How to choose the best WordPress theme for your project?
Is there a theme that is the best WordPress theme? One that you’ll choose and it will deliver everything you need?
If you’re looking to create a new WordPress site or re-do an old one you might want to try a premium WordPress theme.
You will be looking to purchasing a new theme that will go along well with what you have in mind. So, you’ll start browsing along and narrow it down to the one. Purchase it and get stuck because you find out that it’s the not the best WordPress theme for your project.
While working with WordPress sites and premium themes for a while I noticed some deal breakers.
- Check it to have good support
- if it offers the plugins showcased in demos
- if they have a visual builder to be one that is well known
- good ratings and comments
- easy to work with (if you want to customize it later).
What should you look after?
Does it come with premium plugins included?
Here I’m talking about Visual Composer, Layer Slider or Revolution Slider. A lot of themes use these plugins in the demo pages. You want to check and be sure that the plugins are included in the final product. In most cases, the plugins are not automatically updated. You’ll have to wait for a new theme version to appear in order to get a newer version of that plugin. (or you can purchase a license key by yourself if you really feel like spending some extra dollars)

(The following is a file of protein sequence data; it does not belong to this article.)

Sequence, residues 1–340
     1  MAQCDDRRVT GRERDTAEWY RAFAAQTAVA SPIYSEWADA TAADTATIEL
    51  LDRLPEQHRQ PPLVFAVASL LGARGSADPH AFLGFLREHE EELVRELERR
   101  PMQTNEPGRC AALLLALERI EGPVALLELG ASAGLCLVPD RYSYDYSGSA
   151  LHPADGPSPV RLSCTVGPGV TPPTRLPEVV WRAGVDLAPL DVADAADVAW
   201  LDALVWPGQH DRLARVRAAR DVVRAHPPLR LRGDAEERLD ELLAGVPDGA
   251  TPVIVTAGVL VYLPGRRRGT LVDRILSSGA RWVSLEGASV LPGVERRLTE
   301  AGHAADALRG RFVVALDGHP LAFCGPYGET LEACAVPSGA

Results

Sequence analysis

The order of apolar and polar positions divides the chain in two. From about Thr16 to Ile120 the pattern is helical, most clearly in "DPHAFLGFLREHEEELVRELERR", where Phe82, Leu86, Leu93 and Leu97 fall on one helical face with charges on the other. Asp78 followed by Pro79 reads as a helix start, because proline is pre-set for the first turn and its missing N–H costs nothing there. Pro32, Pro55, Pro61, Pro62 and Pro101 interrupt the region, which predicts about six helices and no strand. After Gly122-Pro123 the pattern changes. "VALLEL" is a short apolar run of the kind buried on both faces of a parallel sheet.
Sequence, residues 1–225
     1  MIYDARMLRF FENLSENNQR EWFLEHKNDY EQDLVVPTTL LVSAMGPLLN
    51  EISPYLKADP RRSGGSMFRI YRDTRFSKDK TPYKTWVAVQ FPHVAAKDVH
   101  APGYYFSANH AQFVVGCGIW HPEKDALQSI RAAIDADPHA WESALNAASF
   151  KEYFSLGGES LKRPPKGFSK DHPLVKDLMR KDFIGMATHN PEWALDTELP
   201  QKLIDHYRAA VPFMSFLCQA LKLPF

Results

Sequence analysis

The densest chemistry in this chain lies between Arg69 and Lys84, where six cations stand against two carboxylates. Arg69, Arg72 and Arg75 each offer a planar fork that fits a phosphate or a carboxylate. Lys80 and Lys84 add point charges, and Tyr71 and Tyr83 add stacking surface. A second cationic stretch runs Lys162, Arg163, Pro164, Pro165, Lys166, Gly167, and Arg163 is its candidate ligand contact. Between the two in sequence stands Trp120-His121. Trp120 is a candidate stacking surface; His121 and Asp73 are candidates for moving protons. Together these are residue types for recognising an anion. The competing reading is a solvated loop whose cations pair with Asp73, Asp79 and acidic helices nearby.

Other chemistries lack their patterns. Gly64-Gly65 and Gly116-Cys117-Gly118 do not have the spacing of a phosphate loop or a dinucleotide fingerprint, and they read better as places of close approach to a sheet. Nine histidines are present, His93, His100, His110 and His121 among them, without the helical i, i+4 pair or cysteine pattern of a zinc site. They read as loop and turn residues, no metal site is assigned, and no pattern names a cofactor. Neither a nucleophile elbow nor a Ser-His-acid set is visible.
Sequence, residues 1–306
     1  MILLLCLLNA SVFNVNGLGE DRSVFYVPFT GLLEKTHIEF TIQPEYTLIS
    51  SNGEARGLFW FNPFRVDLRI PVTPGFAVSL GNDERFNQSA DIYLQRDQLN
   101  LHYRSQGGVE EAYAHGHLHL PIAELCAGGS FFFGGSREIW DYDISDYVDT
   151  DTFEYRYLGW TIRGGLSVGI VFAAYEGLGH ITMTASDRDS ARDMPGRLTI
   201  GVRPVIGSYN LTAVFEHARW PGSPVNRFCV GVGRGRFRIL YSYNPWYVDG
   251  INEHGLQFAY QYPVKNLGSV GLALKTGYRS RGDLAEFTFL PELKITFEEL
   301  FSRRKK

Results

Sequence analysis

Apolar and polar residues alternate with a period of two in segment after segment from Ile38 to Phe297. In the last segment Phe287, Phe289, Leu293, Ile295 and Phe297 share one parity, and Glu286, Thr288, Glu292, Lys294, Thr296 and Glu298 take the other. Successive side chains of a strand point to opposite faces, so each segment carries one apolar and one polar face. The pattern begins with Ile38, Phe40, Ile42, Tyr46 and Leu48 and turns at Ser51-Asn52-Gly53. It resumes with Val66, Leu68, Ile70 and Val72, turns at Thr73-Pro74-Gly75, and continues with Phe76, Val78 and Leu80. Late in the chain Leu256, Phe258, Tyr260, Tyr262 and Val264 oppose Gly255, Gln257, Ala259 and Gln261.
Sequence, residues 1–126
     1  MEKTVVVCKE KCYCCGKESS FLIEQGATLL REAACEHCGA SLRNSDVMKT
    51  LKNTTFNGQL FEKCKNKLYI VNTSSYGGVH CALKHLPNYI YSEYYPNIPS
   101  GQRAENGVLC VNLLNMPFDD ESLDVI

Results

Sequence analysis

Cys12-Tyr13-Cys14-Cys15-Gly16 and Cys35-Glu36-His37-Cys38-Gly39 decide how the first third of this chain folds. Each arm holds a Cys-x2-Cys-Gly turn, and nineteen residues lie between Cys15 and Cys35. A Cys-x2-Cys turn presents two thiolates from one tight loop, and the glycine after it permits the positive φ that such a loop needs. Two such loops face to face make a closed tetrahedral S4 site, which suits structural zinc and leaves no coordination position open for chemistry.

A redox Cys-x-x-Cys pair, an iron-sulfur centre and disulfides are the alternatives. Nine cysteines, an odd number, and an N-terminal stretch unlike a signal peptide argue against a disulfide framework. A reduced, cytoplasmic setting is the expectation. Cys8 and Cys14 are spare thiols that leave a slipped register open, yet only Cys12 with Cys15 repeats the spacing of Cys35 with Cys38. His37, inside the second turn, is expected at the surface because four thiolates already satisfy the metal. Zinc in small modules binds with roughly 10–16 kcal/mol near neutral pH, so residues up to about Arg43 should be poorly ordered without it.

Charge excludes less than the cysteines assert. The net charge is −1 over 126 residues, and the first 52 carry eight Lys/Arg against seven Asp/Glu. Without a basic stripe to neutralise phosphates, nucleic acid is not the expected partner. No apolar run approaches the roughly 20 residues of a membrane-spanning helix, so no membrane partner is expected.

What visual builder does it have?
Visual builders are very popular and they are here to stay. They really help users that are not very skilled in coding to create complex and nice-looking pages.
Even though there are some very popular ones like Visual Composer, Divi Builder, Elementor, some themes have their own version of visual builders.
I had some very bad experiences in the past with some “homemade” visual builders.
I don’t think the best UX is when I have to:
- edit in 3 places (separate pages) in order to change an element on a page
- to be dependent on widgets
- no option to add extra classes for elements
- or lack of duplicate for elements.
Does it use Bootstrap or Foundation? What other library does it have for responsive purposes?
Most of them use Bootstrap (or some other big solution like what Divi has), but some will create their own library when it comes to mobile. This is not a big issue, it’s just something you might want to know from the beginning.
It might get annoying when you want to add bootstrap and you find that there are classes with the same name and you will have to work around or just learn how the new library works.
If you’re a developer you should look into this. Working with something you already know (Bootstrap for example), will save you a lot of time.
Updates, ratings, and comments
Themes (at least on Themeforest) will have a section for updates (Log) at the bottom of the page. There you can check when was the last update, but also how frequently the updates are made. This will tell you that the theme is in a good shape and the team behind the extra mile to have the things ready for major updates from WP or main plugins.